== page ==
Trust me

by | Dec 1, 2021 | Every Day Life

Illustration by Cliff Thomas

A few weeks ago, I babysat for my dear friend Christine. Her daughter Opal had been quite a handful. I wasn’t going to tattle to Christine about all of Opal’s antics, but of course, Raff did. Christine asked me out to coffee a few days later and again apologized for Opal’s behavior. I told her there was no need to, that I was used to a “highly spirited” child. She then lamented about all the other ornery things Opal had been up to.

I gently reminded her that Opal was only two, and that the terrible two’s were definitely real, and that I had raised my own ornery child that Opal couldn’t hold a candle to. I wasn’t sure this made her feel any better, though.

“Christine, I know you think Opal is a little difficult—“

“She stole a blind man’s walking stick and ran off with it!” she interjected.

“I know, but do you recall all the sorts of things Raff has done and all the ways I’ve been embarrassed?” I asked.

Christine sniffled.

“I remember you telling me a few things…” she said softly.

“Well let me jog your memory!” I said with a maniacal laugh.

“Did I ever tell you about the time Raff got mad at me for not letting him use the microwave by himself when he was five so he cooked a hot dog in the dryer?” I said.

“No! Surely not!” she said.

“Yep! Or the time he hid from his dad and me when we went to Lowe’s to buy a new washer and dryer. He hid in a dryer and fell asleep. We thought someone had kidnapped him. Or the time he accidentally locked himself in a dog kennel at Walmart and I thought someone had taken him and they had to call a Code Adam, and the only way I was able to find him was to review security footage?”

“Oh my…” Christine said.

“Oh yes! Or the time he pulled the fire alarm at the school because he wanted to go home early? Or the time his kindergarten teacher had to call me and tell me she couldn’t find him, and by the time I got to the school he had been found on the playground. He had snuck outside after music class and just had no idea why he was in trouble.”

“Oh noooo…” Christine said.

“Oh yeah. Or the time he hopped on a woman’s electric cart at Walmart while she stood up briefly to reach something and backed into a whole end-cap of gallon jars of pickles? Or the time at Walmart he asked a woman why she had a butt in the front as well? And then five minutes later, at check out, he was being way too curious about why a breast-feeding mother had put her baby ‘up her shirt.’ And when I tried to discreetly explain that was how he was fed as well, he loudly exclaimed ‘you tried to squish me up your shirt like that lady?!’”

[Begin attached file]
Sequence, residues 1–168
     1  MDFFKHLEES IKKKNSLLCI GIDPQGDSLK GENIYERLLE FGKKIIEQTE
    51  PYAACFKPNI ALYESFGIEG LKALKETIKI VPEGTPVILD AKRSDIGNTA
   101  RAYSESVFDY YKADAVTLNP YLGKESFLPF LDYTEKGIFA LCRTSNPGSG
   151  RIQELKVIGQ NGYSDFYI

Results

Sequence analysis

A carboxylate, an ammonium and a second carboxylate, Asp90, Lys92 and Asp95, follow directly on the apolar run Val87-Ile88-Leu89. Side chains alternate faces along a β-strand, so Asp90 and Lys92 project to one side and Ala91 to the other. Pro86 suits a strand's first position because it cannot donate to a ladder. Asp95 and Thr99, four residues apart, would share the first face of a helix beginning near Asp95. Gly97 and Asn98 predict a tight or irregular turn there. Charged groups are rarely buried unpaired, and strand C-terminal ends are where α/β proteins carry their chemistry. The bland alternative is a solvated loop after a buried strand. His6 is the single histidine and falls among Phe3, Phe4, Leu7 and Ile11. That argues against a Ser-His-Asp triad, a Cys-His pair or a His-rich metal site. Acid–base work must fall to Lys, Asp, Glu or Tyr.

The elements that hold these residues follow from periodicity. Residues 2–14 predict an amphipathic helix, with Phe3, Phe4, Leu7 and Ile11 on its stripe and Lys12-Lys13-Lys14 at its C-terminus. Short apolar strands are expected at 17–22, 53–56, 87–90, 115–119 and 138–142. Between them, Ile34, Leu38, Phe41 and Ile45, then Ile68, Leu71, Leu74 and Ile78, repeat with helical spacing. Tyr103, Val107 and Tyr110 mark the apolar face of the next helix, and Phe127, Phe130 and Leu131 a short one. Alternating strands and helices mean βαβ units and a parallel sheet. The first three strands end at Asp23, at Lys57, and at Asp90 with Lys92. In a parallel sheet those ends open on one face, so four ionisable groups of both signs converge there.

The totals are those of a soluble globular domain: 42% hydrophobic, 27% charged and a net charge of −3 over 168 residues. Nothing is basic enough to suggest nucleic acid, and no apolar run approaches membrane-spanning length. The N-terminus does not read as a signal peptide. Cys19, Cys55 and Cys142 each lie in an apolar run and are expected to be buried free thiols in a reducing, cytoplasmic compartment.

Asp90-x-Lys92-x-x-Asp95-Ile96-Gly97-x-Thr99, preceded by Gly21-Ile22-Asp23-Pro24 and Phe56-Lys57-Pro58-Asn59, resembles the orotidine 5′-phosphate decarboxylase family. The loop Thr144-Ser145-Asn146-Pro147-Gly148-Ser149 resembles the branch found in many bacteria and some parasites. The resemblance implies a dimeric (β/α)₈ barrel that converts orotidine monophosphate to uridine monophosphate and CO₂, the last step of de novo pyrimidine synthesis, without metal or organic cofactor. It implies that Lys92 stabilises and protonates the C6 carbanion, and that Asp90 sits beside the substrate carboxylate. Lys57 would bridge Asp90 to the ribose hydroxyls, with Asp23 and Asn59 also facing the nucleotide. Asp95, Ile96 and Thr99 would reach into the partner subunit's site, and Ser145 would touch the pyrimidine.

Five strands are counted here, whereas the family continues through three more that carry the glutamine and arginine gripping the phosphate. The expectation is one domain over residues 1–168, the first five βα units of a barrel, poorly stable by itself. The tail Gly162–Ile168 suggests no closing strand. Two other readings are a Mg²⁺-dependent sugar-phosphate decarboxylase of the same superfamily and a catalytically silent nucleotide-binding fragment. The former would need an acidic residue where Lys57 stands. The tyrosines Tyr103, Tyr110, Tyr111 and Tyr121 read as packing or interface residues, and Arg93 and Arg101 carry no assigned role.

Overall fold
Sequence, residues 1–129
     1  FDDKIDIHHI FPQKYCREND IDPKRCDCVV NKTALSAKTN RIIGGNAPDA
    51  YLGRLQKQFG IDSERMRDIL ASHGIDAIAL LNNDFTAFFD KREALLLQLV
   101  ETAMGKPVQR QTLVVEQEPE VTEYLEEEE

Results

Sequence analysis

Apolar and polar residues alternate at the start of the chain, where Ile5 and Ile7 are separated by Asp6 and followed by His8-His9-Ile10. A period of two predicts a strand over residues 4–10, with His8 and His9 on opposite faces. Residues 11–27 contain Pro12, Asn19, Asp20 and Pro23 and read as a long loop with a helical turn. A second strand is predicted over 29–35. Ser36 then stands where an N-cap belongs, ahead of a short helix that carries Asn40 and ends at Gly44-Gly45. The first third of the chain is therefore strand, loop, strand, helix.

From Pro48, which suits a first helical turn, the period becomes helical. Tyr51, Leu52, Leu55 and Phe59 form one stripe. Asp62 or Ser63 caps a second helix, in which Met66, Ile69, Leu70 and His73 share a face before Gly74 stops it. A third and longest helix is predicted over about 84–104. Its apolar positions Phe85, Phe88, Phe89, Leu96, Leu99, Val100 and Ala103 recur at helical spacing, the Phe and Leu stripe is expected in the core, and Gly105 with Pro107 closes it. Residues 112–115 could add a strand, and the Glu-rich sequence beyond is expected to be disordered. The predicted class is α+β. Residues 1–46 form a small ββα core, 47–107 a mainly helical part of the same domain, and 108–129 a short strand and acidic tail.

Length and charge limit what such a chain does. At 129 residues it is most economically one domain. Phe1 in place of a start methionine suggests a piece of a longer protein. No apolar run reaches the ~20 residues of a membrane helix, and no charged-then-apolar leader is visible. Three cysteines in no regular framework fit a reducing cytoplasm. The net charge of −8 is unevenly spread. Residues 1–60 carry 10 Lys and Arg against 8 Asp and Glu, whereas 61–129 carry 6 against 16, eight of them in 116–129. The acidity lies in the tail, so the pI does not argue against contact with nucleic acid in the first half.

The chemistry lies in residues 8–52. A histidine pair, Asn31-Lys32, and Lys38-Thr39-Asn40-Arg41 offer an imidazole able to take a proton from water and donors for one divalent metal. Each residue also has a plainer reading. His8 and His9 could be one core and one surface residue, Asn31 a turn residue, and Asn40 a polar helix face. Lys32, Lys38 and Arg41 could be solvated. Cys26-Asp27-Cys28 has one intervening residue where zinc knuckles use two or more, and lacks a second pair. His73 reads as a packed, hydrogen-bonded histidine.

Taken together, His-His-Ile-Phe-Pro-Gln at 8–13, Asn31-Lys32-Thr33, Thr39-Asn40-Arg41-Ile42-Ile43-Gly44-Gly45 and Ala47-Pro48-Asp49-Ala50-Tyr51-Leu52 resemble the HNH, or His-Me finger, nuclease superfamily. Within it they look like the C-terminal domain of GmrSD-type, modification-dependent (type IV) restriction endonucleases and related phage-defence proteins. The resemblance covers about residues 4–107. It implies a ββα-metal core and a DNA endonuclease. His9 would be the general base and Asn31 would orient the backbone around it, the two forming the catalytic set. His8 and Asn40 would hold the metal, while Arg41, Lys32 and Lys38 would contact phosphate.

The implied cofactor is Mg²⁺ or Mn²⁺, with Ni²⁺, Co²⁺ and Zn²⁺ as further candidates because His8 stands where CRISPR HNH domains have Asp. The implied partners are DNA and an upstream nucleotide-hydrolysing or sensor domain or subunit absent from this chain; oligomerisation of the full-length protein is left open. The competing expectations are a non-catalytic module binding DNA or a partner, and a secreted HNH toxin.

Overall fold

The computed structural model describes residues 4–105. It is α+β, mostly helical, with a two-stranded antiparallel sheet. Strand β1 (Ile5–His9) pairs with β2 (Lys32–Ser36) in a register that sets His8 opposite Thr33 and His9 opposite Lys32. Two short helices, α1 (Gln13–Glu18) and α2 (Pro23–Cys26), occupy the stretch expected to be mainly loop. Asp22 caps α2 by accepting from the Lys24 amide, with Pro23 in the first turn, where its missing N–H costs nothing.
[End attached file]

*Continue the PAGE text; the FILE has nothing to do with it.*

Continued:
“How did you ever take him anywhere?” Christine asked, visibly admonished.

“I tried not to!” I exclaimed. “I tried to get family to watch him if I could, but I can assure you, every time I had to take him anywhere there was an incident. Even in the car he would do crazy things. He had a wolf mask and was scaring other drivers with from the back seat. That got me pulled over!”

“Pulled over?” Christine asked, her eyes very round.”

“Yes! And although the cop just gave us a warning, Raff informed him that I should be taken to jail because I’ve said bad words before. I thought I was going to die of embarrassment!”

“Gosh…” Christine murmured.

“Or the time he wanted to lead prayer at a church potluck and he went through the lineup and blessed every member, thankfully it was a small church, even ‘the old man at the back who always smells like farts.’ I just wanted to crawl under the table. Or the time I took him to volunteer with me at a food bank on Thanksgiving, and he insisted that he could handle the green beans. Once the recipients of the food boxes came in, I got really busy and when I looked over to check on Raff I was mortified to see that he was placing the cans of green beans in their boxes with one hand and holding his nose with his other one.”

Christine’s eyes widened.


“Yeeeessss…” I said. “Or just the day-to day-things he would pull at the house, like peeing in the cardboard box that his new TV came in because he ‘wanted to know what it felt like to be homeless.’ I’m telling you, Opal has nothing on Raff. And remember, Raff didn’t even have the excuse of being a toddler when he did most of these things.

Christine shuddered. “I don’t know how you’ve made it through all of that.”

“I’m not sure how I even have a shred of my sanity left.” I said, taking a sip of my coffee. “I can look back on all of those moments and laugh now, just as you will do in future. It seems overwhelming, but when she gets to be as old as Raff is now you’ll miss those years no matter how overwhelming they may seem now. I promise.” I assured her.

Her facial expression told me I hadn’t convinced her.

“And the next time Opal does something like snatch a blind man’s walking stick, just call me and I’ll be happy to babysit again to give you a break. And I’ll tell you a thousand more stories like the ones I just told you to make you feel better.”

“There’s more stories?” she asked, shocked.

I laughed, a little on the maniacal side. “There’s so many more, and even more that I’m sure would traumatize any mother with embarrassment just by listening to them. Trust me…” 


Monthly Archive

Article Categories